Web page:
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Rosh Hashanah 2017/5778

Scott Galin

Shana Tova
I want to share a secret. I have some perfectionist tendencies. If you don’t
believe me ask my family or the Temple’s Executive Committee. I try to hold
back, but sometimes I just can’t help but over engineer. I consciously tell myself it
is good enough, but my subconscious keeps working. Last year in my Rosh
Hashanah speech, I compared Isaiah to a train ride with each train car
representing a different aspect of Temple life and we as a congregation riding
together and sharing our respective Jewish journeys. I thought it was a good
analogy, but then my perfectionism kicked in. How, given that Judaism and Isaiah
speak to us each differently, could we share a single train with a single
Our relationship with Isaiah is varied and changes based on our stage of life, our
life experiences, and world events. This is part of what makes Isaiah great –
being so multidimensional and supporting us in many different ways. When I was
writing my speech last year I thought of changing the analogy from a single train
to the entire Massachusetts Bay Transportation System with buses, trollies,
ferries, and railroads, but that analogy seemed a little complicated. I was stuck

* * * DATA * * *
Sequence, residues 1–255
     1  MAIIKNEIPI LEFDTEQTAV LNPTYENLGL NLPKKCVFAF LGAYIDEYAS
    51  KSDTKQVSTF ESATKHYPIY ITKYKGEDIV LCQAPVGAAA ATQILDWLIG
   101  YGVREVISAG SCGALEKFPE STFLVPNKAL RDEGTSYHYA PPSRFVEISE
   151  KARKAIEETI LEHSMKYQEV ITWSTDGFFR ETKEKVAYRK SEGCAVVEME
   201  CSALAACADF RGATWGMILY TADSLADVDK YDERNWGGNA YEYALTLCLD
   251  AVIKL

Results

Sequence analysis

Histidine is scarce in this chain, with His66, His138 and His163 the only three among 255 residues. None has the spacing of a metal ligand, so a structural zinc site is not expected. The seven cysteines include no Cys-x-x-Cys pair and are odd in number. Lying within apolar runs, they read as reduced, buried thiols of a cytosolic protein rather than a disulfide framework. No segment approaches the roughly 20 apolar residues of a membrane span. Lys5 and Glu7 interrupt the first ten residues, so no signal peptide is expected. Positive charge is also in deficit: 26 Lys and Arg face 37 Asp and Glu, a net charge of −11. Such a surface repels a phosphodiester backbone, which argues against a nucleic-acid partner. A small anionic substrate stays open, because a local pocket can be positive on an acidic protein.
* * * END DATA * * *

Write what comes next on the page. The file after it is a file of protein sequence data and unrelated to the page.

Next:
and what do you do when you are Isaiah’s President and you are stuck on your
High Holiday speech? You ask Rabbi Jaffe.
Of course, Rabbi Jaffe had great suggestions. I edited my speech, and thought at
that time, that my analogy had the correct parallelism. But after the High
Holidays, that perfectionist voice woke up and kicked in. Rabbi Jaffe’s suggestions
were good, very good, but the more I got to know the Isaiah family, the more I
realized that we wanted different destinations and what I was hoping to
accomplish as President, which was represented by the analogy, was going to
derail. What does a perfectionist President do with a problem he can’t solve even
after consulting with our esteemed clergy?
He forms a committee. Actually, in this case we already had formed a working
group, and I just needed to get out of the way. The working group was charged
with updating Isaiah’s vision and mission statement, our Sh’ma and V’ahavta,
building off of the lectures and sermons that Rabbi Larry Hoffman gave last
September. Frankly, I was shocked at how quickly the team gelled around a
couple of core themes that represented Isaiah’s aspirations as a synagogue. The
exact wording, well that took a little bit longer but in the end, the team was able
to express Isaiah’s Sh’ma in just five words; deepening lives, inspiring purpose,
together. As a result of the Sh’ma, my perfectionist voice quieted down.
Although we did not develop an exact destination for Isaiah, I felt and still feel